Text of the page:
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Part 3 — Sales as Strategy: A Radical Proposal for Rethinking Corporate Evolution

In an acquisition, cross-selling both companies’ products is essential to achieving the hypothesis for success upon which any merger is based. This plan sounds simple; however, due to the structure of traditional sales (territories, measurement of results, lengthy timelines), the execution seems to be anything but.

What is the magic bullet that removes the veil of mystery from any such hypothesis? Inside sales. Done very, very fast and with great precision.

Inside sales? Really? A magic bullet for strategy? Yes. Perhaps not classic “inside sales” that serves as a concierge service for field sales, but modern inside sales where:

  • Management controls targeting by providing prospecting lists, and…
  • Management has perfect visibility into the inputs, outputs, flow rates, and cycle times of every step of the sales process every day.

Here’s where it gets hard, or easy. I’ll try to make it easy by starting where we left off in all those A’s and B’s in Part 2.

Instead of assigning to “Sales” the cross-selling responsibility of selling all purchasers of A1s that should, but don’t, own a shiny, complementary B3, let’s take that same list and load it into a telephonic conversation machine. I will gently suggest we use one that goes really fast, like ConnectAndSell Lightning.

Then we will come up with a simple message to open conversations with prospects on our strategic target list: a message that points out that we have tons of customers who just love how A1 and B3 work together to provide so much more value than either one alone, and how much the prospect could learn in a 15-minute scheduled meeting. (Here is a framework for such an appointment-setting conversation.)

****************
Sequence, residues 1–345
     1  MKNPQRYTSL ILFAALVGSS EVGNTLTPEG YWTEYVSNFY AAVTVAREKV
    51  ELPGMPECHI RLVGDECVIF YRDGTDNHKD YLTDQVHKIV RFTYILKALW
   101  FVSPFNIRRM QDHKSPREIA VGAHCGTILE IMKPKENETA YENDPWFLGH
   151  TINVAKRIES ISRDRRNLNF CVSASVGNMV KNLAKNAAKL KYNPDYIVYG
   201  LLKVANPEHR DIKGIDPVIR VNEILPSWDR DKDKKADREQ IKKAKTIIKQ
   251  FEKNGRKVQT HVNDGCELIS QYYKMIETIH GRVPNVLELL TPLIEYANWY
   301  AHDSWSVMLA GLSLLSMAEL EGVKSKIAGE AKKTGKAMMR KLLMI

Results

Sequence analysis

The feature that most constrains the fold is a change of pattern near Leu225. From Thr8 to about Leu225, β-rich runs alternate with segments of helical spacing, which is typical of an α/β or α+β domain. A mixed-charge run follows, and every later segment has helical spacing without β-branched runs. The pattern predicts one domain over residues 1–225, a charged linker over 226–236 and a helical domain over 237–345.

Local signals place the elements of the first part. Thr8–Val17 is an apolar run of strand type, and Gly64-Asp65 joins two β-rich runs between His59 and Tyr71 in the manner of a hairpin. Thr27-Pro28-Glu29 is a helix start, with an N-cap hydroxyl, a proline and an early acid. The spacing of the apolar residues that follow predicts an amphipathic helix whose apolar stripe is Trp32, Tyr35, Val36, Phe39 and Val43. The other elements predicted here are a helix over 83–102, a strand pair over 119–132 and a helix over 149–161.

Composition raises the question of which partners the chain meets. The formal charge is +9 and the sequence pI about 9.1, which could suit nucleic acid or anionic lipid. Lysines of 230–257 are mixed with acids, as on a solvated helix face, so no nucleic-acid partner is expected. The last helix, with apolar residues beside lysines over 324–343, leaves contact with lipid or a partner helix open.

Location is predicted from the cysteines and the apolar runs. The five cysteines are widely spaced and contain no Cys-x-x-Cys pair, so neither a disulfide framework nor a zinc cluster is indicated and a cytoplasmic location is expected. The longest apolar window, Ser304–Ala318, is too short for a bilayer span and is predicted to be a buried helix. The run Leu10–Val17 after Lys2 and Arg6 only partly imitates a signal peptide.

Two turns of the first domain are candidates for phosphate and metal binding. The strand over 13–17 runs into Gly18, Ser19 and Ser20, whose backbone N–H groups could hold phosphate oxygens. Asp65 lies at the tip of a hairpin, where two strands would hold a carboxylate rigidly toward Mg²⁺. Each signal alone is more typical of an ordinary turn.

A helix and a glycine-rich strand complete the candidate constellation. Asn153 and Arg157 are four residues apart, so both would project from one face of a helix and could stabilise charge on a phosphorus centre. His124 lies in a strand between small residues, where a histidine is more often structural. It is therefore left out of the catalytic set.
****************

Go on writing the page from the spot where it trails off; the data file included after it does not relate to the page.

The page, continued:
Our next step is to choose two very good inside sales reps who will conduct appointment-setting conversations with people on our target list. These two reps must be specialists with well-established top-of-the-heap conversation-to-meeting conversion rates on cold calls.

Why two reps? Because one might have an off day. And three is a waste of resource for this step.

The next step is easy with ConnectAndSell (and painful any other way): have 100 conversations with prospects on your strategic list. These are strictly for the purpose of setting up 15-minute discovery meetings: meetings that are on both the rep’s and the prospect’s calendars.

Re: calculating

Now, for the magical math. It turns out that the meeting-yield on cold calls made by a calibrated sales rep is a very reliable indicator of actual interest in an offering. So, instead of waiting for the meetings to take place, and waiting further for those meetings to turn into wins and losses, you can make a “go” or “no-go” decision very quickly — like in a couple of days.

Here’s the rule: if your meeting-yield (meetings divided by conversations) exceeds 5%, you have a market. If not, you don’t. Either outcome is better than not knowing whether you are ever going to get any product/channel synergy-value out of this part of your acquisition.

If the answer is “Let’s go,” then your scaling model is simple: keep calling, hold discovery meetings, convert customers — and, as always, tune your message and offering as you learn from all those conversations. After a couple of weeks, you should be manufacturing a daily flow of meetings at some known rate (generally above two meetings generated per rep per day) and some known cost of labor and dial fees.

Costs will go down over time as your lists gets richer in follow-up dials, which is great, but also inevitable if you follow ConnectAndSell’s standard follow-up workflow.

And that’s the whole program, which is really a series of programs run over each promising pair of products in your portfolio. You are finally in complete control of liberating the product synergy-value anticipated through that expensive acquisition.

If there is a higher use of Sales than to turn Strategy into Reality, I have failed to discover it. And given that this program is simple, free to try (for a day, anyway), and insanely valuable, it’s probably worth a shot.

Link to Part 1 and Part 2 of this three-part blog.